Thanks for your help!
Question by:glass_snake
    LVL 27

    Expert Comment

    here is a sample of what I use....

    Public Class frmMainForm                                          '<------   This is a MDI Form
        Inherits System.Windows.Forms.Form

    #Region " Windows Form Designer generated code "

        Public Sub New()

            'This call is required by the Windows Form Designer.

            'Add any initialization after the InitializeComponent() call

        End Sub

        'Form overrides dispose to clean up the component list.
        Protected Overloads Overrides Sub Dispose(ByVal disposing As Boolean)
            If disposing Then
                If Not (components Is Nothing) Then
                End If
            End If
        End Sub

        'Required by the Windows Form Designer
        Private components As System.ComponentModel.IContainer

        'NOTE: The following procedure is required by the Windows Form Designer
        'It can be modified using the Windows Form Designer.  
        'Do not modify it using the code editor.
        <System.Diagnostics.DebuggerStepThrough()> Private Sub InitializeComponent()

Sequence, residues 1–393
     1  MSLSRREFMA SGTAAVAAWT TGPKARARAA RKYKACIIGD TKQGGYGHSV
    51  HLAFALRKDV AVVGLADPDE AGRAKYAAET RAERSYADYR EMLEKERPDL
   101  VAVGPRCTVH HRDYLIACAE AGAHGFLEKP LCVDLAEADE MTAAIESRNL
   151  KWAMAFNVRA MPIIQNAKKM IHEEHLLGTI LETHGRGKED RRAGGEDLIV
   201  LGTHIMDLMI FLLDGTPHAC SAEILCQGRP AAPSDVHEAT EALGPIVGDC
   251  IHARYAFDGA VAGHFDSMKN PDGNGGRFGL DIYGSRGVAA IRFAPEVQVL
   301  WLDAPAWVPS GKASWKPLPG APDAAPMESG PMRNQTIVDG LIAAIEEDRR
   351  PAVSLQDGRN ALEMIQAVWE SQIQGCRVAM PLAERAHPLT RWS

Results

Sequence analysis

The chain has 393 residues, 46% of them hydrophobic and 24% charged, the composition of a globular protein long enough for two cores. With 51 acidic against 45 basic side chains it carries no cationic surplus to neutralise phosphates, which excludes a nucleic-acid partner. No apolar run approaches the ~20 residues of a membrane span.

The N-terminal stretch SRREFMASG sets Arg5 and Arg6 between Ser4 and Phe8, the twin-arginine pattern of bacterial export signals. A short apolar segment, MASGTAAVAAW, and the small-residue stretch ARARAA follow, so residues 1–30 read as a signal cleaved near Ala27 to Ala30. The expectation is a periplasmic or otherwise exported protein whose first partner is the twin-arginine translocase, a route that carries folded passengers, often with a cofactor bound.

Me.AutoScaleBaseSize = New System.Drawing.Size(5, 13)
            Me.ClientSize = New System.Drawing.Size(292, 273)
            Me.IsMdiContainer = True
            Me.Name = "frmMainForm"
            Me.Text = "frmMainForm"

        End Sub

    #End Region
        'Run the application
        'The main entry point for the application
        <STAThread()> Shared Sub Main()
            Dim objForm As New frmLogin
            If bLogin = True Then                     '<------- Global Var
                System.Windows.Forms.Application.Run(New frmMainForm)
            End If
        End Sub
    End Class

    Author Comment

    That would work for just one form (since it creates a pop-up dialog), but what if the application was more complex than that?

    In the real application I'm building, you have a Login screen that goes to the Main Menu.  The Main Menu can go to Add, Review, and Post pages.  The Add page creates a new record and then goes to the Edit page.  The Review page lists existing timesheets and then goes to the Edit page.

    So I could theoretically have a whole crapload of forms hanging around at once :)
    LVL 7

    Accepted Solution

    I use ShowDialog with multiple levels of forms....